I recently attended a marketing conference. One of the main premises of the conference was that we’ve finally evolved to the ability to personalize marketing messages on a mass scale.

The description went something like this:

+ We used to go to the butcher, and they’d know our name and have our order ready for us
+ Then television happened and the world got smaller, so marketing started reaching for the masses with one, depersonalized message (TV, billboards, etc.)
+ Now, the two have combined

That’s right, with the amount of data we collect on everyone, their habits, their preferences, etc., we can now create personalized digital experiences for them on a mass scale. Amazon’s one of the most obvious examples.

Your Amazon experience has your name on it, along with all of your preferences and recommendations for you based on your past purchases.

The funny thing about this conference though, was that during all of this stressing of personalization, they announced that you could ask questions of all the speakers by downloading the conference app on your smartphone and then texting your question directly to the emcee, who would pass on the questions to the speakers.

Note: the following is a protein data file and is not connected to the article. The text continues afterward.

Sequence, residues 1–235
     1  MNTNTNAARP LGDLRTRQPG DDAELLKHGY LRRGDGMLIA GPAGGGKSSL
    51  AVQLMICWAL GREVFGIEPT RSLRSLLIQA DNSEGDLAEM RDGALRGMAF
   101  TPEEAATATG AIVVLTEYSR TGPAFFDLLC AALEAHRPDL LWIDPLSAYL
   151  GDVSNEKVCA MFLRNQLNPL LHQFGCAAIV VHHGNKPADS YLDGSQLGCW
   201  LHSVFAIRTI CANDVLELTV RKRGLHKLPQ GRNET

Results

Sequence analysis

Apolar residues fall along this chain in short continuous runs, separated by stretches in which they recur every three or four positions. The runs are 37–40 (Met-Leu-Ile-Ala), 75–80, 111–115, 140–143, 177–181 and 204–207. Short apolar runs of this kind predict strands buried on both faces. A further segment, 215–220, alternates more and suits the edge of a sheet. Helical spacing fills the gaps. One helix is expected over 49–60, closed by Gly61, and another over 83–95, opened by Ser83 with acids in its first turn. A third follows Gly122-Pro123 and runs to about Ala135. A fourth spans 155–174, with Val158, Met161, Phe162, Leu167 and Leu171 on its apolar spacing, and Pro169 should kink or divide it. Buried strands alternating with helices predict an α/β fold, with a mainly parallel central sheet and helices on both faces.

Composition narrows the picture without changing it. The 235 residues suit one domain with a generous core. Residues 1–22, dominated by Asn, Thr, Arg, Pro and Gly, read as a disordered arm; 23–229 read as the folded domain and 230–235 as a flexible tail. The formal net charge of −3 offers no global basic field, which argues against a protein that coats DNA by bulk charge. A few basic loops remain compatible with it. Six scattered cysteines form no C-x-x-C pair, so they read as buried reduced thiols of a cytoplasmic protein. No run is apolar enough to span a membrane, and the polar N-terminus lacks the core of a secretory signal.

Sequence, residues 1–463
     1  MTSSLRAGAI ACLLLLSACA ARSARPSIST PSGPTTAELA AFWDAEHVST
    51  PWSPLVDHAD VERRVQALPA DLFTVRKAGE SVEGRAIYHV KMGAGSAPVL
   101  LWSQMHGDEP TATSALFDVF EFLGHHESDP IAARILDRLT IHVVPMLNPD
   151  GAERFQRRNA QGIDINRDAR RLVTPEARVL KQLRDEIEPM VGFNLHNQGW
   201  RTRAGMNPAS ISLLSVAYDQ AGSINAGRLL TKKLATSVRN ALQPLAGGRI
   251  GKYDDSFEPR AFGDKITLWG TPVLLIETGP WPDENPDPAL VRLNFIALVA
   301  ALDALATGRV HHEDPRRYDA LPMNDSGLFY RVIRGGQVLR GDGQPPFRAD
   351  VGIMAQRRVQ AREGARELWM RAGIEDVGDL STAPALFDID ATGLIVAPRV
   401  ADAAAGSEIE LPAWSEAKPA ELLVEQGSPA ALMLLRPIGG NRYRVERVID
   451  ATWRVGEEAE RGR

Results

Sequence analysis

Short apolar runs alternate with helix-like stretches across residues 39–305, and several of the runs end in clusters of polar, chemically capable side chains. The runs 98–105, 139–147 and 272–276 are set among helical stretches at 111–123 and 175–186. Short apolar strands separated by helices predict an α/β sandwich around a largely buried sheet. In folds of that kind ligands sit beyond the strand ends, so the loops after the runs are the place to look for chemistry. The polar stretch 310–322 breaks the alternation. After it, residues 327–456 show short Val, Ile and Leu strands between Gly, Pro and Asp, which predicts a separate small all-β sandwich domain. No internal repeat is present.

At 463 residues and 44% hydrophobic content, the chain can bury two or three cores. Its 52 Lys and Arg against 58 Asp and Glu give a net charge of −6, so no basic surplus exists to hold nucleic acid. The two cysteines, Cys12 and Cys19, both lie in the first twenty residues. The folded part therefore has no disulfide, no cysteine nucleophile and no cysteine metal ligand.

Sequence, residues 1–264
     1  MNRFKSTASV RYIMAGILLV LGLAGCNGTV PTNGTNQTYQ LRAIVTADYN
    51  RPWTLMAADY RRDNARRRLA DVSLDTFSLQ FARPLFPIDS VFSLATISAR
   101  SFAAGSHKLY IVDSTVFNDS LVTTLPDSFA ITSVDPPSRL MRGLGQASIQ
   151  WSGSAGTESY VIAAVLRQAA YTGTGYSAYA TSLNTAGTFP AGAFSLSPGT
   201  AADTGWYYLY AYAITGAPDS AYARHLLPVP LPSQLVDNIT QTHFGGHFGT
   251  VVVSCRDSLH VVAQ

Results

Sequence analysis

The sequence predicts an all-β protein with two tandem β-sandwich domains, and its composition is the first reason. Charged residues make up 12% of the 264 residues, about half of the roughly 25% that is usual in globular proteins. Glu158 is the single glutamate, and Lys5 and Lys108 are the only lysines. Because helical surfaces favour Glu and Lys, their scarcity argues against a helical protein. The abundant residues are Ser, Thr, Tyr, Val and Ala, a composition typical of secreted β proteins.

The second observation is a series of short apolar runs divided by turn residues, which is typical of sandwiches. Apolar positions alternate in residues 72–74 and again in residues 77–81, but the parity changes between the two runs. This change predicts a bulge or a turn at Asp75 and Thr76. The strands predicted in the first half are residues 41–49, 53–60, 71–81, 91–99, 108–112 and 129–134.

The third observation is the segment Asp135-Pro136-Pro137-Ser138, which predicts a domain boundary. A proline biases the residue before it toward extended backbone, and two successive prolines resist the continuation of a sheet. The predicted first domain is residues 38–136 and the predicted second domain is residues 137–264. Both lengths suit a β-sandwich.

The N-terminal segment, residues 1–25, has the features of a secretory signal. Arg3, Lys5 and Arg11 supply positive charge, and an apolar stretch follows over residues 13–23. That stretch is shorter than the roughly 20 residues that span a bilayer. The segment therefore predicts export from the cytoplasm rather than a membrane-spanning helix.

Now, maybe this is too obvious, but it seems to me that a truly personalized experience would be people raising their hands and interacting directly with the speaker. I mean, the conference theme was, ironically, Interact.

It scares me that people think that with the advent of social media and texting replacing phone conversations that somehow, the world has gotten smaller and we’ve all gotten closer. In fact, there’s probably less human interaction per human than any time in this country’s history.

I don’t need to make all of the observations about families or friends sitting at a restaurant looking at their smart phones or people sharing intimate news on Facebook, but not telling their friends directly. It’s been done before.

But this all tells me that we’re actually becoming less personalized and more dehumanized. Sometimes I think the EMP can’t come soon enough.